State Bans Yield Spread Premiums for Reverse Mortgages, Banks Win

Competing for business in New Hampshire has become increasingly difficult for brokers after a state law banned yield spread premiums (YSP) for anyone originating reverse mortgages earlier this year.  Meant to prohibit compensation that rewards lenders for selling loans at higher interest rates, the law became effective July 31st and provides an un-even playing field for mortgage companies that favors banks.

Driven by a growing secondary market for HECM loans, lenders have been able to lower the costs of reverse mortgages using additional income from the YSP.  However, seniors in New Hampshire can only find these type of deals from banks because they’re not required to disclose YSP to borrowers.

Meanwhile, since brokers are required to disclose YSP, they’re limited in what they can offer seniors according to Nicholas DeMasse, an originator with Reverse Mortgage of New England.  “I can’t compete because of the prohibited yield spread premium for a reverse mortgage originated by a broker,” he said in an email to RMD. “My only option is to charge the borrower an origination fee.”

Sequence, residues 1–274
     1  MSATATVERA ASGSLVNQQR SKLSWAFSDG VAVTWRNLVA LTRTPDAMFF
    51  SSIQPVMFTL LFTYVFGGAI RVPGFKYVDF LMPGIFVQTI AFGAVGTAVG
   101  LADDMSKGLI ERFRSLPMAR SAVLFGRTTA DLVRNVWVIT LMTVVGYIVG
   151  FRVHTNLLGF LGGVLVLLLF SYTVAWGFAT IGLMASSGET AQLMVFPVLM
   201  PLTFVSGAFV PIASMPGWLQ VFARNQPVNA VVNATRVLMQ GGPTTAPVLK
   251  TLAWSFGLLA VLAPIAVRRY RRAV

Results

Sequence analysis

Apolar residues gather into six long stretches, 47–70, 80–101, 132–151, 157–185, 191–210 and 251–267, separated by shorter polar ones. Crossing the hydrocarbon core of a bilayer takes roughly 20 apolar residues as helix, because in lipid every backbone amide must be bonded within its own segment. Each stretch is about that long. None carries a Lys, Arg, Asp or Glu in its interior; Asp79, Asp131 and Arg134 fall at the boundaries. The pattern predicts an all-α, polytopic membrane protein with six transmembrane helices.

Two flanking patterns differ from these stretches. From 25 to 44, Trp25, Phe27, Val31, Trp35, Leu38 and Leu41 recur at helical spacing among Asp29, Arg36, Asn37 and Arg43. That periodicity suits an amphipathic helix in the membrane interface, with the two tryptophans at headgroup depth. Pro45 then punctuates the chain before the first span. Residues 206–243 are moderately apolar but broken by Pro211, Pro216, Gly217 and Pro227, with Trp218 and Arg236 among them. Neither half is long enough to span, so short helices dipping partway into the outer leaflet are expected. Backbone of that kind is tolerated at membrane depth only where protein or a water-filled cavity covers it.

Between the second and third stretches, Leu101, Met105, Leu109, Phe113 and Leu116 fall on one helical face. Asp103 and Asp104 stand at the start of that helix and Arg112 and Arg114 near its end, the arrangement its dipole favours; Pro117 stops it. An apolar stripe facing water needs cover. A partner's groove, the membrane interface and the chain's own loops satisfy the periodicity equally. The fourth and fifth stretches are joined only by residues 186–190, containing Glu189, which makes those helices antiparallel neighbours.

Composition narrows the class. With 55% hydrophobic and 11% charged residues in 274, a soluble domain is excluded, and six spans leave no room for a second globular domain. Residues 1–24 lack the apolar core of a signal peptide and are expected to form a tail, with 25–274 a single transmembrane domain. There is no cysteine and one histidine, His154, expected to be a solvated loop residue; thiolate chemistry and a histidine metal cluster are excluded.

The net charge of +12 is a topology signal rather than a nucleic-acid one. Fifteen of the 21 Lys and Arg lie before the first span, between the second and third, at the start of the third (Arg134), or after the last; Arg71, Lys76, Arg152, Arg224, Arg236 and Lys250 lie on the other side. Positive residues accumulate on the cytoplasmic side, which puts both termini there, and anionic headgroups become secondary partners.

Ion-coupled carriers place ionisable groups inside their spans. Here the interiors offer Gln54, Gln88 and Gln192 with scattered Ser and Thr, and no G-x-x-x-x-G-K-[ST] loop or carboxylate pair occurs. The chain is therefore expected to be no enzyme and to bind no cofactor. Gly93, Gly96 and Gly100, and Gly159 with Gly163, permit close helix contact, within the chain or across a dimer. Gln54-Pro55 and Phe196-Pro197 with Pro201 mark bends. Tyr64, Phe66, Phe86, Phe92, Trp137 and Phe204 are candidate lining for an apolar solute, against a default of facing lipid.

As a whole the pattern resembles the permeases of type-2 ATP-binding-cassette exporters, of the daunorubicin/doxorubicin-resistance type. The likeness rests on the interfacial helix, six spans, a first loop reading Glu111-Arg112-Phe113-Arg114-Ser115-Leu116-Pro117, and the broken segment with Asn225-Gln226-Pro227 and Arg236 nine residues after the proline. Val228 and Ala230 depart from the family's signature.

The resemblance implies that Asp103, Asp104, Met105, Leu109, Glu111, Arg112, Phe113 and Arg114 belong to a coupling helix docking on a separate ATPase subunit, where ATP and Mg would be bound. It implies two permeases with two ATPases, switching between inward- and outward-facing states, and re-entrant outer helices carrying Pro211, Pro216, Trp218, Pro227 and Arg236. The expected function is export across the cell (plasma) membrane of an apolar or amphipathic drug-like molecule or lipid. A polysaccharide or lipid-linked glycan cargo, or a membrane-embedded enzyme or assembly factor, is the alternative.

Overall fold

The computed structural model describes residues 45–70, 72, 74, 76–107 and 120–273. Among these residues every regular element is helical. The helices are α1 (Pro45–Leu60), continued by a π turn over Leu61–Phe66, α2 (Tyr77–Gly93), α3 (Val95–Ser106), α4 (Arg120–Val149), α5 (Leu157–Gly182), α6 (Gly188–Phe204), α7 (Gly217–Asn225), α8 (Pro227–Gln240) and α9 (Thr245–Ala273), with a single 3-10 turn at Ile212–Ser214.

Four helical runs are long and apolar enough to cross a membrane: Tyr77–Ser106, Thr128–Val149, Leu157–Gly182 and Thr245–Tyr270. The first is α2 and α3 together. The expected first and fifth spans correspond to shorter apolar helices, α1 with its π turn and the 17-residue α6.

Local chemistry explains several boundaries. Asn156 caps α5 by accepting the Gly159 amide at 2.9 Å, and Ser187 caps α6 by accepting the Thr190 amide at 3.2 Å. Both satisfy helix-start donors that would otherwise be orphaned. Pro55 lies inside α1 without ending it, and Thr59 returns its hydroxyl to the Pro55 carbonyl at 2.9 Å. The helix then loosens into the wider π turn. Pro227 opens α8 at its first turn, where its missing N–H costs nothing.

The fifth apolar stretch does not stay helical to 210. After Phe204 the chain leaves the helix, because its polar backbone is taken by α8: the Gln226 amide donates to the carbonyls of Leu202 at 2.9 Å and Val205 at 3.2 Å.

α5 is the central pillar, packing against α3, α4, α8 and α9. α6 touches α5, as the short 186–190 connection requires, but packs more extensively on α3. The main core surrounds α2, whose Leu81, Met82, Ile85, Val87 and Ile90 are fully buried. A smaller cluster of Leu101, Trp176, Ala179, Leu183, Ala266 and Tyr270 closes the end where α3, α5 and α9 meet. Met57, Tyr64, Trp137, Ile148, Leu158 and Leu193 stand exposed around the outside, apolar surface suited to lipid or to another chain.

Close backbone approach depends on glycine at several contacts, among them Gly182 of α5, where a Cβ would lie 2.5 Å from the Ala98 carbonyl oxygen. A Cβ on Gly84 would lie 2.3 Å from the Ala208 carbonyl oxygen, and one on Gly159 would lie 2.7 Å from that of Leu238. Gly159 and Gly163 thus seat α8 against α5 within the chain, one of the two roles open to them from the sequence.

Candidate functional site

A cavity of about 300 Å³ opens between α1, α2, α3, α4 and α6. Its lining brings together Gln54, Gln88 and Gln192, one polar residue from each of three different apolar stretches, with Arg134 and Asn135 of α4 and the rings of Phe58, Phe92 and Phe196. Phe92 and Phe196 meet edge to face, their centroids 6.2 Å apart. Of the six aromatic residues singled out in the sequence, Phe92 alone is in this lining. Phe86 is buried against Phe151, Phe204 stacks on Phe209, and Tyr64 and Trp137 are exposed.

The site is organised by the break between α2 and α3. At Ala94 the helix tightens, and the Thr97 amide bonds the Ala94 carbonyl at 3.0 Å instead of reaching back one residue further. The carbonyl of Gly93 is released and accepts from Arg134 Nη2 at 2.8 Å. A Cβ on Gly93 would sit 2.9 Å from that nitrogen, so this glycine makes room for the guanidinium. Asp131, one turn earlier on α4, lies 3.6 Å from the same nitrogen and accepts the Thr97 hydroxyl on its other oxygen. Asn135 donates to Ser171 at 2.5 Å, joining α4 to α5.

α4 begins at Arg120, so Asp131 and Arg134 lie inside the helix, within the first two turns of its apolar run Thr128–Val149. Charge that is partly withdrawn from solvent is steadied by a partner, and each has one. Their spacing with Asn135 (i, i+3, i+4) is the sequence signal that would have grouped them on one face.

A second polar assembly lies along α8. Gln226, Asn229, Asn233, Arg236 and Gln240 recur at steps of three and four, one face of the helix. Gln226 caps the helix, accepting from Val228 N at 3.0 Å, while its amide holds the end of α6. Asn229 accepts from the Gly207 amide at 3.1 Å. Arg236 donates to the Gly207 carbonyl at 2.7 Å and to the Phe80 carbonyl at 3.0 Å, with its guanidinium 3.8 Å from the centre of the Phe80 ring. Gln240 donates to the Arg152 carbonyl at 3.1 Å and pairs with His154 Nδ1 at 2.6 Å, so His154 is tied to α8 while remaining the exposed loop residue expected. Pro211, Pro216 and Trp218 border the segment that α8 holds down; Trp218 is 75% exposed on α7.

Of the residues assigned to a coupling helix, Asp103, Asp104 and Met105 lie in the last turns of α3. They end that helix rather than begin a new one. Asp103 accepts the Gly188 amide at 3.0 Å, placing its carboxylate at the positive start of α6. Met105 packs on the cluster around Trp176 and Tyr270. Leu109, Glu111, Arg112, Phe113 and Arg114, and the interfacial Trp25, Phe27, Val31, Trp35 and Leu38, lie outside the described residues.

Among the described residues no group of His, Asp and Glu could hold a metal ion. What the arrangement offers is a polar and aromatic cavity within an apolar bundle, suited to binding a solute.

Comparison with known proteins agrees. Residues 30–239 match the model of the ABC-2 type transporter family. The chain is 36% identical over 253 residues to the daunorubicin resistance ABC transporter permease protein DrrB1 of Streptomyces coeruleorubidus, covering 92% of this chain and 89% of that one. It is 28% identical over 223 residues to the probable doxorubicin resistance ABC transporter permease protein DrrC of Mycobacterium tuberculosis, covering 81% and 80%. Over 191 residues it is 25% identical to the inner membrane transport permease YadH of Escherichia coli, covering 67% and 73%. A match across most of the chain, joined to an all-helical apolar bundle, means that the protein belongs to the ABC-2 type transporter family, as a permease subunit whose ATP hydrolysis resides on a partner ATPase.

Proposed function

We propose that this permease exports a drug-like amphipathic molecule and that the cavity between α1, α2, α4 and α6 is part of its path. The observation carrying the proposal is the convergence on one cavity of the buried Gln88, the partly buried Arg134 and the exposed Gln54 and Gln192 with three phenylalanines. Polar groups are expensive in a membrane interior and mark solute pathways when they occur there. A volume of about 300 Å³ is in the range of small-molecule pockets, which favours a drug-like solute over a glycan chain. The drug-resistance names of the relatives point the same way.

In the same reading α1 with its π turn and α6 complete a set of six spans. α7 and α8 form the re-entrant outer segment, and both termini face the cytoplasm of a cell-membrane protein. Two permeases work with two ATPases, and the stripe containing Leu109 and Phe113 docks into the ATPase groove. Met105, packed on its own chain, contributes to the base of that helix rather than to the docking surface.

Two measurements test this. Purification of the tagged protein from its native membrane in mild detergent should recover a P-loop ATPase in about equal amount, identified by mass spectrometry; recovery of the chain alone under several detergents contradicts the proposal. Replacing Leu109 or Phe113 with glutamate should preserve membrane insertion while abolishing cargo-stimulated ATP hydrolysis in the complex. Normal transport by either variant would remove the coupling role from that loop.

When banks offer a no origination fee reverse mortgage at the same rate, brokers are finding it incredibly challenging to do business in the state.

Now, companies like Direct Finance Corp – who was the 4th largest reverse mortgage lender in the state during 2009 – that broker loans have seen volume slide dramatically.  Alain Valles, President of DFC tells RMD that while the law to eliminate yield spread premiums was well intended, it did not reduce the costs of reverse mortgages.

“The law actually reduced competition in the marketplace and resulted in an un-even playing field,” said Valles.  “New reverse mortgage programs that have significantly reduced the upfront costs and fees are not available from mortgage brokers because the costs are lowered through yield spread.”

As business once originated from companies like DFC has dropped over the last year, banks like Wells Fargo, Bank of America, and MetLife have seen their volume increase.  As a result of the law, “there are fewer mortgage brokers serving the marketplace and fewer loan originators that can go to seniors homes to explain the pros and cons about reverse mortgages,” Valles said.

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  • Of the last 20 loans I originated- only 3 were fixed rate. The upside to this article is that the senior is being served more properly by not being sold the higher paying fixed product when the LIBOR version gave them access to the same amount, keeps their balance from growing so quickly and leaves a larger credit line.